Preferably the array of characters comprises a plurality of lines of alphanumeric characters. The characters preferably occupy an area of less than, 0.2 square millimetres and have a density in the range of 1-3 character lines per millimeter.
Use of a dark background and light characters may be preferred. Preferably the application of the array of characters includes the use of a computer to generate the array.
The invention is described below with reference to the following drawings:
FIG. 1 is an enlarged illustration of a micro character array in accordance with the invention (The individual characters of the repeated message "Canadian Bank Note Microplex" actually occupying a space of about 0.18 mm square).
FIG. 2 is an illustration of another example of a micro character array in accordance with the invention (again, the individual characters actually occupying a space of about 0.18 mm square).
FIG. 3 is an illustration of the arrays of FIGS. 1 and 2 interlaced such that the two macroscopic images defined thereby occupy alternating lines of the characters.
FIG. 4 is a illustration of the positioning of the macroscopic image "CBN" within a character array. (This figure has been enlarged and an outline of the macroscopic image has been superimposed on the character array in order to more clearly illustrate the invention).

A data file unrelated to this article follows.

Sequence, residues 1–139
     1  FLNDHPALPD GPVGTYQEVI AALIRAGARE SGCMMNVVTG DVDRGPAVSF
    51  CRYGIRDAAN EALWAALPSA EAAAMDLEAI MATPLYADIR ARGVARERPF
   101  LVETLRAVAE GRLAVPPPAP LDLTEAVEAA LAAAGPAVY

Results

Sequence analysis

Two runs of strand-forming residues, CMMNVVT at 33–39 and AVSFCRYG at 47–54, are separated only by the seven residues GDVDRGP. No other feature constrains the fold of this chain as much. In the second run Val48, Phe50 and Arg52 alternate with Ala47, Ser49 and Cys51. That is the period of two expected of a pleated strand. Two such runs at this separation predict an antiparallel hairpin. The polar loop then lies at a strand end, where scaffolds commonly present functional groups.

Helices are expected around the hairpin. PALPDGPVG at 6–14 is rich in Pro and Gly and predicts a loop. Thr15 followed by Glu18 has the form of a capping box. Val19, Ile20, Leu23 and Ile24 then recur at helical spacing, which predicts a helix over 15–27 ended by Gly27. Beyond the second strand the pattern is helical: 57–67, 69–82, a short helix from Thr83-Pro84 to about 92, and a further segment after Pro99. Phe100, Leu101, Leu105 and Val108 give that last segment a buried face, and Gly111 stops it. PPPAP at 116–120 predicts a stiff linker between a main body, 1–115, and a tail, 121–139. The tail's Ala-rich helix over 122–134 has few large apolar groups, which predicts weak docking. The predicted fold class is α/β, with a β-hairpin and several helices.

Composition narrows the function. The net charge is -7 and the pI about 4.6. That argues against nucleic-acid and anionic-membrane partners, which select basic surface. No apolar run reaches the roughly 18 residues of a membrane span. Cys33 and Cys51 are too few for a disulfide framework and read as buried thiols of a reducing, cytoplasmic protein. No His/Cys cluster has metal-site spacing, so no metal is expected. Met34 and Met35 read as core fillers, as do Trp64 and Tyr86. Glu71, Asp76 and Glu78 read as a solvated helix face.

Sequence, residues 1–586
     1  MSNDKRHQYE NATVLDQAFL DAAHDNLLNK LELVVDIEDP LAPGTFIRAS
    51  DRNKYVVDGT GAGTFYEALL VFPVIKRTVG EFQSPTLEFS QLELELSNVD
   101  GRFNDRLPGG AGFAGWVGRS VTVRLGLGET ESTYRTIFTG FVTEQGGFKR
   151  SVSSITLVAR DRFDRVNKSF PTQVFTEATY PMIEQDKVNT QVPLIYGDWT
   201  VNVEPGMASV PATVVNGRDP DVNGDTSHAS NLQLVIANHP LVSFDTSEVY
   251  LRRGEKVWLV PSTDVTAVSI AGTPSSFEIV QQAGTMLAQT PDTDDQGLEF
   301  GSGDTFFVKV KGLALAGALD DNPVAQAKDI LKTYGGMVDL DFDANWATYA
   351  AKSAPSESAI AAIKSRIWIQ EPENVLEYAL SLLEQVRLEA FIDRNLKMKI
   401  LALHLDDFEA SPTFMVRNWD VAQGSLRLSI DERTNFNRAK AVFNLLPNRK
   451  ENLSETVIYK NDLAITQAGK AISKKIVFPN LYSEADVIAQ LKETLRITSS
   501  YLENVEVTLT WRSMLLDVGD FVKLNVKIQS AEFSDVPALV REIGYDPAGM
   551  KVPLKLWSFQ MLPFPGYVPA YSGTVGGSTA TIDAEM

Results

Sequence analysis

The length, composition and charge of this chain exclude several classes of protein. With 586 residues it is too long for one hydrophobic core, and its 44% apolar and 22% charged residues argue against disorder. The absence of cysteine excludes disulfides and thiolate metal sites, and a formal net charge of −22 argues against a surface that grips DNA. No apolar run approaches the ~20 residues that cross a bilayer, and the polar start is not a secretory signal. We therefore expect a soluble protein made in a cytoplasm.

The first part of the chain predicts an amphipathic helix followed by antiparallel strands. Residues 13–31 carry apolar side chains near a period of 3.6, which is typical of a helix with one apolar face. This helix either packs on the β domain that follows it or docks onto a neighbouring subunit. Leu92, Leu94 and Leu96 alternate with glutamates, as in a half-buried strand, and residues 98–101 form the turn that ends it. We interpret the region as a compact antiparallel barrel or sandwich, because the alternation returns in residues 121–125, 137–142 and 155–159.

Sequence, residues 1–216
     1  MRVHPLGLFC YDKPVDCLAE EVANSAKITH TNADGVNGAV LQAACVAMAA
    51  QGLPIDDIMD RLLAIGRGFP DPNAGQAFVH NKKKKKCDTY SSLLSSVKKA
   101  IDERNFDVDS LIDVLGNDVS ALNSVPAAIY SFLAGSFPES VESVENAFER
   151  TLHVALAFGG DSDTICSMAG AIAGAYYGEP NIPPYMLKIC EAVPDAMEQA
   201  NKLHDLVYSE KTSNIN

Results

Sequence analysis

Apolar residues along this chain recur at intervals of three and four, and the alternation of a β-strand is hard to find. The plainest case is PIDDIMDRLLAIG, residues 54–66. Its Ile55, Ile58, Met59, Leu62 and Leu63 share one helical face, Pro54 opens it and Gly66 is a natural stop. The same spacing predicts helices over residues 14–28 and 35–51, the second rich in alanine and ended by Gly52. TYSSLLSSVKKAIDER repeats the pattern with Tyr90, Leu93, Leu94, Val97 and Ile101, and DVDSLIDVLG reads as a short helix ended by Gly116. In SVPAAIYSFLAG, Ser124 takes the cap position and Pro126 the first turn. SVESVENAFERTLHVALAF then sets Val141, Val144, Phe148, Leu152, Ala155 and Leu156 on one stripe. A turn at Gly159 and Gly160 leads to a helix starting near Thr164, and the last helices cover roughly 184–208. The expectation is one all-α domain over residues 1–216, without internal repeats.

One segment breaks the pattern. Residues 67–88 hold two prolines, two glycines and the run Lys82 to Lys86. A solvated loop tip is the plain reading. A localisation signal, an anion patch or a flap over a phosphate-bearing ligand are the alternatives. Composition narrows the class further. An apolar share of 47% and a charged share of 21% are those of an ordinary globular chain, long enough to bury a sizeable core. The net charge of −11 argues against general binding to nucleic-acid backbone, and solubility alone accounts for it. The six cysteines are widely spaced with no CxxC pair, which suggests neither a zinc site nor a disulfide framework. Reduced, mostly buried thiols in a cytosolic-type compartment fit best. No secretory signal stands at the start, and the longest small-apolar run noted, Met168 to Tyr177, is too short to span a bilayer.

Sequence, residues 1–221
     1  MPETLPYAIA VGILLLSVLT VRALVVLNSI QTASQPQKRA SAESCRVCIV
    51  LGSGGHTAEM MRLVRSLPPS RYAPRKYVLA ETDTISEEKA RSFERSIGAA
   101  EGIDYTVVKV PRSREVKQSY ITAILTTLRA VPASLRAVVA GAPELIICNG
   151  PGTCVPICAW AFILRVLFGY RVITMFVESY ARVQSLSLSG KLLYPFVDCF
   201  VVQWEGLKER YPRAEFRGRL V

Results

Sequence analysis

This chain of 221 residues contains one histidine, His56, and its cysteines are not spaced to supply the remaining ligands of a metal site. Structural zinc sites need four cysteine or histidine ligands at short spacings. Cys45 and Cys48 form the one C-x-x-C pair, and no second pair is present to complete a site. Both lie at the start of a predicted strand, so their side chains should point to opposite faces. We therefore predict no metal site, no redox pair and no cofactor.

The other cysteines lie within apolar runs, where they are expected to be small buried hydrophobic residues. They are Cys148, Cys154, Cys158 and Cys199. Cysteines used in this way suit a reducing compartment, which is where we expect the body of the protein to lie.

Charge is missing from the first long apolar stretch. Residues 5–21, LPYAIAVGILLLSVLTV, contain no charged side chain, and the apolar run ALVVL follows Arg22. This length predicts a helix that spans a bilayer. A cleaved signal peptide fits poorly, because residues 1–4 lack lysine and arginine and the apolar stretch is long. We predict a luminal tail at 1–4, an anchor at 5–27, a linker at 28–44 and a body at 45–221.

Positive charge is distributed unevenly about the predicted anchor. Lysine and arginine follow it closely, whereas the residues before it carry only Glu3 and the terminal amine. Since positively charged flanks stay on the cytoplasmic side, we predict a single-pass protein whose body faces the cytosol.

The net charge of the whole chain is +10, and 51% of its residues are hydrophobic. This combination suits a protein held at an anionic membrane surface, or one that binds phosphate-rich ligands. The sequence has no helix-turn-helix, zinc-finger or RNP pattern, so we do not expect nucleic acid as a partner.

FIG. 5 illustrates an alternate macroscopic image "MRP" in similar manner to that of FIG. 4.
FIG. 6 is an enlarged illustration of a micro character array in accordance with another embodiment of the invention, whereby a dark background surround light characters.
FIG. 7 is an enlarged illustration of a micro character array in accordance with another embodiment of the invention, whereby the characters and the backgrounds thereof alternate between white and black, respectively, for each successive line of characters.
FIG. 8 is a flow chart diagram of the steps which are performed by a computer to generate an array of micro characters, groups of which are phase shifted relative to the others to collectively form a macroscopic image.